I concluded the last post by noting, “What this means is that, contrary to common Christian interpretation, the Jewish people were not cursed because we rejected Yeshua. On the contrary, the Jews had already been under the curse of the law for over seven hundred years before Yeshua came. In fact, the rejection of Yeshua by all but a minority of Jews was the result of the curse, not the cause of it!”
One of the most often quoted passages from the Tanakh in the New Testament is Isaiah 6:9-10: “He said, “Go, and tell this people, ‘You hear indeed, but don’t understand; and you see indeed, but don’t perceive.’ Make the heart of this people fat. Make their ears heavy, and shut their eyes; lest they see with their eyes, and hear with their ears, and understand with their heart, and turn again, and be healed.” Yeshua quotes it in explaining why he had to explain spiritual matters to the masses only in parables (Mat. 13:14f, Mark 4:12, Luke 8:10, cf. 9:45), while John (12:40) and Luke (Acts 28:26f) invoke it to explain why so few Jews came to believe in him. Isaiah was given this prophecy at the beginning of his ministry, a ministry which tradition holds came to an end when his own uncle, King Manasseh, had him put to death by sawing him in half with a wooden saw (cf. Heb. 11:37). (One cannot help but wonder of Isaiah’s martyrdom was the final straw in the breaking of the covenant, making the death of Yesha’yahu parallel to the death of Yeshua.)
Isaiah was prophetically warned that his words would not be heeded in his lifetime, but when God finally determined the Sinaic covenant to be truly and irrevocably broken on Israel’s end–”my covenant which they broke, though I was a husband to them” (Jer. 31:32)–God’s warning to Isaiah became part and parcel of the curse.
“The Scripture cannot be broken” (John 10:35), and the curse specified two separate exiles separated by a nation coming to “besiege you in all your towns” (Deu. 28:52). The first exile had already taken place, and the Apostles knew by Yeshua’s word that the second was soon to come. Had the whole nation accepted Yeshua, all Israel together would have died to the Sinaic covenant and been reborn to the New–and the prophecy of Moses would have been broken.
Of course, it was also Hashem’s plan to use the time of Israel’s punishment to affect a far greater salvation than just one nation: “I ask then, did they stumble that they might fall? May it never be! But by their fall salvation has come to the Gentiles, to provoke them to jealousy. Now if their fall is the riches of the world, and their loss the riches of the Gentiles; how much more their fullness?” (Rom. 11:11-12). The phrase “provoke to jealousy” is parazelosai in the Greek, which really means “stimulate alongside” or “[cause] parallel zealousness.” In other words, it’s not a creation of envy, but of a competition in zealousness that would direct the hearts of Israel back to her God and King.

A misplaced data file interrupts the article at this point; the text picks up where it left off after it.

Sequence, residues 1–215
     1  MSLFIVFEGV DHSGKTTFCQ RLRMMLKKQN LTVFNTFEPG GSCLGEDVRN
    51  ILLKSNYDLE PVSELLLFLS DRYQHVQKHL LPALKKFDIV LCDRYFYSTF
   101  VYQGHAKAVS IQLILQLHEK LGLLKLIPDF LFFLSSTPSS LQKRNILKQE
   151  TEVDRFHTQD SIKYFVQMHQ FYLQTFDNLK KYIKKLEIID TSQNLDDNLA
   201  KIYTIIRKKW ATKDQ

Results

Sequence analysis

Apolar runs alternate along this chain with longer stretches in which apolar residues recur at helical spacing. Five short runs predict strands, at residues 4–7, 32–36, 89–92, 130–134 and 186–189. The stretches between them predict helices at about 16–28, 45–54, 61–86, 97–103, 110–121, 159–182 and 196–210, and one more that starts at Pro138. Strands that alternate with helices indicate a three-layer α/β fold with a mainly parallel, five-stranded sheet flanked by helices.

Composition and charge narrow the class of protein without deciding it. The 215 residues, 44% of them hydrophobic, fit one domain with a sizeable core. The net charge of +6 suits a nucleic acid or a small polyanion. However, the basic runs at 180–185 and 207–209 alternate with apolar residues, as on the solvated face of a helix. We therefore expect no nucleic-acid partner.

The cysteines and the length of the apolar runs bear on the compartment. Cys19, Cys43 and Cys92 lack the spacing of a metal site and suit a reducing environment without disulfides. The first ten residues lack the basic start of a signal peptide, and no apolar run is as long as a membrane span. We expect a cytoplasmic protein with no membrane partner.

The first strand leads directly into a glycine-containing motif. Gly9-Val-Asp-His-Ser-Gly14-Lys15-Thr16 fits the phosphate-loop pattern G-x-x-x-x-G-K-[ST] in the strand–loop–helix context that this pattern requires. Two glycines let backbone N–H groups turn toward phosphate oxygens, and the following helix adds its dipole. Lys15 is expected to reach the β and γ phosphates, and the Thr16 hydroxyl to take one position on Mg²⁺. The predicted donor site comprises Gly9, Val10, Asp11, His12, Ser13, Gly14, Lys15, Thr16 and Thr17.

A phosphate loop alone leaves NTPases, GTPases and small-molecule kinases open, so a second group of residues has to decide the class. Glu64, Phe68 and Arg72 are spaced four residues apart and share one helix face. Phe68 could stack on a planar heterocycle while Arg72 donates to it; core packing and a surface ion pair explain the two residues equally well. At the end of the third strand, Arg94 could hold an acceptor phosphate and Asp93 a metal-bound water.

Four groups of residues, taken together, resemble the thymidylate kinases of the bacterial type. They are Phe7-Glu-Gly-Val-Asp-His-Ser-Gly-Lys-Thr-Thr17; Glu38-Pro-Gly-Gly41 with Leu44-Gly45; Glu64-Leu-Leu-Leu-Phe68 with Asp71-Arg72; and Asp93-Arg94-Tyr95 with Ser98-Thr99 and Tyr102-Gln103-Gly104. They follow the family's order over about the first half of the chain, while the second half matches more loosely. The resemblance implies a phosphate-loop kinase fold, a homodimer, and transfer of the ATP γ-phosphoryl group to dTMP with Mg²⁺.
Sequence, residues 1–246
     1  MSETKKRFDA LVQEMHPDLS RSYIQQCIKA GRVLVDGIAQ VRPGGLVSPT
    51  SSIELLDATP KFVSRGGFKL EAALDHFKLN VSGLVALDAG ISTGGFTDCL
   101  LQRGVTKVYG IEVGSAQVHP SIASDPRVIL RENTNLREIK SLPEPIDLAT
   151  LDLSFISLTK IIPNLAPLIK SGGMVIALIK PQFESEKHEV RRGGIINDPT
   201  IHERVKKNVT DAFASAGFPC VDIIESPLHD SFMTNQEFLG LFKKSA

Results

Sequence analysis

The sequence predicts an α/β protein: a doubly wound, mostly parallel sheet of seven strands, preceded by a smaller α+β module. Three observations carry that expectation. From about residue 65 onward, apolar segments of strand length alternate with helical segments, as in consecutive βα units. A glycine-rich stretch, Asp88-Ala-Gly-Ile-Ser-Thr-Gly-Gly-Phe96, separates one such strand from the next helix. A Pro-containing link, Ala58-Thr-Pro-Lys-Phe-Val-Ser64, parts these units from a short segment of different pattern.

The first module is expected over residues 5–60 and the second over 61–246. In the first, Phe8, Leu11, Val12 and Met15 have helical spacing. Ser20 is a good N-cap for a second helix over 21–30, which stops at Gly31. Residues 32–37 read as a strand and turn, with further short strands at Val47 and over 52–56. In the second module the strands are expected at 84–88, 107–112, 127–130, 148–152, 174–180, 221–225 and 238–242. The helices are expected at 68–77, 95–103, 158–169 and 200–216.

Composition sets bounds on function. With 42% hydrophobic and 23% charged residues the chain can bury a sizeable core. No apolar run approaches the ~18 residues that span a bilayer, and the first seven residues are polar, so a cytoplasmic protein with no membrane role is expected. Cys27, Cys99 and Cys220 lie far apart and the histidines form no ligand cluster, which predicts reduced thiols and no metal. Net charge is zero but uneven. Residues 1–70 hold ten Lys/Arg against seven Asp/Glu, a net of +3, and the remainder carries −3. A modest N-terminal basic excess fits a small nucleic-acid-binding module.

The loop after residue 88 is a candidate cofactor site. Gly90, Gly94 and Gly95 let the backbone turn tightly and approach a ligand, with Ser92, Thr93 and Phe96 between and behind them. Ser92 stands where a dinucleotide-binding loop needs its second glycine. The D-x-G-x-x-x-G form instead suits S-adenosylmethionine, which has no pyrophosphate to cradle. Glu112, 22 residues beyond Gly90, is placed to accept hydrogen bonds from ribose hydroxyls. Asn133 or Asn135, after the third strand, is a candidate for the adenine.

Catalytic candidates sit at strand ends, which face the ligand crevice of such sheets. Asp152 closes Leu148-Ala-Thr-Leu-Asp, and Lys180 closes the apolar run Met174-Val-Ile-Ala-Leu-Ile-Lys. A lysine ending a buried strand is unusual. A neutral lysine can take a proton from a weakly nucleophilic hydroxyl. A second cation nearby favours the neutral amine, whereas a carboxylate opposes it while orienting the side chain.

So why then has history not demonstrated the truth of Paul’s prediction? In 1893, H. C. G. Moule answered:
It is the fault, the grievous fault, of us Christians. The narrow prejudice, the iniquitous law, the rigid application of exaggerated ecclesiastical principle, all these things have been man’s perversion of the divine idea, to be confessed and deplored in a deep and interminable repentance. May the mercy of God awaken Gentile Christendom, in a manner and degree as yet unknown, to remember this our indefeasible debt to this people everywhere present with us, everywhere distinct from us; -the debt of a life, personal and ecclesiastical, so manifestly pure and loving in our Lord the Christ as to “move them to the jealousy” which shall claim Him again for their own. Then we shall indeed be hastening the day of full and final blessing, both for themselves and for the world.
Fifteen centuries before, Hashem spoke through the pen of Moses the very prophecy that Paul alludes to in Romans: “They have made me jealous (Heb. qanah, indicating the “heat” of zealousness and passion) with what is not God . . . so I will make them jealous (zealous) with those who are not a people; I will provoke them to anger with a foolish nation” (Deu. 32:21). Those “not a people” refers to the Christians, who are of every nation and yet of none; why then are the Christians then referred to as “a foolish nation” in the parallel clause? The word “foolish,” nabal, usually has the connotation of “wickedness” (cf. v.6; Psa. 14:1; Isa. 32:5). By this parallelism, Hashem teaches us a bitter truth: When the disciples of Yeshua act as those who are not a people, but of all peoples, they provoke Israel to parallel zealousness. But when they take up political power and act foolishly and wickedly, they only stir up Israel’s anger against the King they claim to serve.